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    Complete blood count results in 54 patients with scrub typhus and 35 patients with dengue virus infection. The shaded boxes outline the 70th percentiles of each variable and the medians are indicated by the horizontal lines. The error bars show the upper and lower 90th percentiles. Platelets and leukocytes are per mm3 and hematocrit (HCT) is expressed in %. Note that few scrub typhus patients have platelet counts < 140,000/mm3 or leukocyte counts < 5,000/mm3. WBCs = white blood cells.

  • 1

    Tsai C, Kuo C, Chen P, Changcheng C, 1991. Upper gastrointestinal bleeding in dengue fever. Am J Gastroenterol 86 :33–36.

  • 2

    Bunyavejchevin S, Tanawattanacharoen S, Taechakraichana N, Thisyakorn U, Tannirandorn Y, Limpaphayom K, 1997. Dengue hemorrhagic fever during pregnancy: antepartum, intrapartum and postpartum management. J Obstet Gynaecol Res 23 :445–448.

    • Search Google Scholar
    • Export Citation
  • 3

    Solomon T, Dung NM, Vaughn DW, Kneen R, Thao LT, Raengsakulrach B, Loan HT, Day NP, Farrar J, Myint KS, Warrell MJ, James WS, Nisalak A, White NJ, 2000. Neurological manifestations of dengue infections. Lancet 355 :1053–1059.

    • Search Google Scholar
    • Export Citation
  • 4

    Levett PN, Branch SL, Edwards CN, 2000. Detection of dengue infection in patients investigated for leptospirosis in Barbados. Am J Trop Med Hyg 62 :112–114.

    • Search Google Scholar
    • Export Citation
  • 5

    Silarug N, Foy HM, Kupradinon S, Rojanasuphol S, Nisalak A, Pongsuwant Y, 1990. Epidemic of fever of unknown origin in rural Thailand, caused by influenza A (H1N1) and dengue fever. Southeast Asian J Trop Med Public Health 21 :61–67.

    • Search Google Scholar
    • Export Citation
  • 6

    Silpapojakul K, 1997. Scrub typhus in the Western Pacific region. Ann Acad Med Singapore 26 :794–800.

  • 7

    Innis BL, Nisalak A, Nimmannitya S, Kusalerdchariya S, Chongswasdi V, Suntayakorn S, Puttisri P, Hoke CH, 1989. An enzyme-linked immunosorbent assay to characterize dengue infections where dengue and Japanese encephalitis co-circulate. Am J Trop Med Hyg 40 :418–427.

    • Search Google Scholar
    • Export Citation
  • 8

    Suto T, 1980. Rapid serologic diagnosis of tsutsugamushi disease employing the immunoperoxidase reaction with cell cultured rickettsia. Clin Virol 8 :425–429.

    • Search Google Scholar
    • Export Citation
  • 9

    Nimmannitya S, 1987. Clinical spectrum and management of dengue haemorrhagic fever. Southeast Asian J Trop Med Public Health 18 :392–397.

    • Search Google Scholar
    • Export Citation
  • 10

    Tsay RW, Chang FY, 1998. Serious complications in scrub typhus. J Microbiol Immunol Infect 31 :240–244.

  • 11

    Watt G, Chouriyagune C, Ruangweerayud R, Watcharapichat P, Phulsuksombati D, Jongsakul K, Teja-Isavadharm P, Bhodhidatta D, Corcoran KD, Dasch GA, Strickman D, 1996. Scrub typhus infections poorly responsive to antibiotics in northern Thailand. Lancet 348 :86–89.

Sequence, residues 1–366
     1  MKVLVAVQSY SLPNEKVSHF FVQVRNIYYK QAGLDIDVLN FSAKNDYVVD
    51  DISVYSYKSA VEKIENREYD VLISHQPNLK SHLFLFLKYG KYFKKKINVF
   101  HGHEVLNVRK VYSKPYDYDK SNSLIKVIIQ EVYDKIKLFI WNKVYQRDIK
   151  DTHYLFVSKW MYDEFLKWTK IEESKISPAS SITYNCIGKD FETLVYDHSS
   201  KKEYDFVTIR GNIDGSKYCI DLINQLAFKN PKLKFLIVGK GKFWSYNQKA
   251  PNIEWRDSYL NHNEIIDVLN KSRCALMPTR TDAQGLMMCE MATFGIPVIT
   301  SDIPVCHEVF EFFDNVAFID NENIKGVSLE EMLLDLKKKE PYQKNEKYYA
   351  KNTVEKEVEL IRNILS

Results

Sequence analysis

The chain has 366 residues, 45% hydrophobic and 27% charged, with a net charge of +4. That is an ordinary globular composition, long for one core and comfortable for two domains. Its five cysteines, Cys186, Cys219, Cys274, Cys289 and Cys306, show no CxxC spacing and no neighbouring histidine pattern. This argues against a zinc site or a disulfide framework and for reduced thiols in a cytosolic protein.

• Search Google Scholar
    • Export Citation

 

 

 

 

DIFFERENTIATING DENGUE VIRUS INFECTION FROM SCRUB TYPHUS IN THAI ADULTS WITH FEVER

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  • 1 Department of Retrovirology, Armed Forces Research Institute of Medical Sciences, Bangkok, Thailand; Department of Internal Medicine, Chiangrai Regional Hospital, Chiangrai, Thailand

Dengue fever and scrub typhus are common infections in Asia that often present as acute febrile illness of unclear etiology. We prospectively evaluated febrile adults presenting to the outpatient department of a hospital in northern Thailand to attempt to identify distinguishing characteristics between the two infections. Fifty-four patients were infected with scrub typhus and 35 were infected with dengue virus. Dengue virus infection was associated with hemorrhagic manifestations, particularly bleeding from the gums, which was reported by 27% of the dengue patients, but by none of the scrub typhus patients (P < 0.001, by Fisher’s exact test). A low platelet count (< 140,000/mm3) and low white blood cell count (< 5,000/mm3) were strongly associated with dengue infections: odds ratio = 26.3 (95% confidence interval [CI] = 7.4–93.2) for platelet count and 8.2 (95% CI = 2.6–25.5) for leukocyte count. Prospective evaluations of the usefulness of these simple criteria to differentiate scrub typhus from dengue infection are needed in other areas, particularly where rapid confirmatory diagnostic tests are not available.

INTRODUCTION

Dengue fever is common in Asian adults and often presents as an acute febrile illness of unclear origin.1–5 Orientia tsutsugamushi, the etiologic agent of scrub typhus, is also a common cause of acute febrile illness of unclear origin in Asia.6 We therefore prospectively collected data on admission clinical and laboratory findings from adult Thai patients with dengue fever or scrub typhus to identify potentially useful parameters for differentiating these two infections.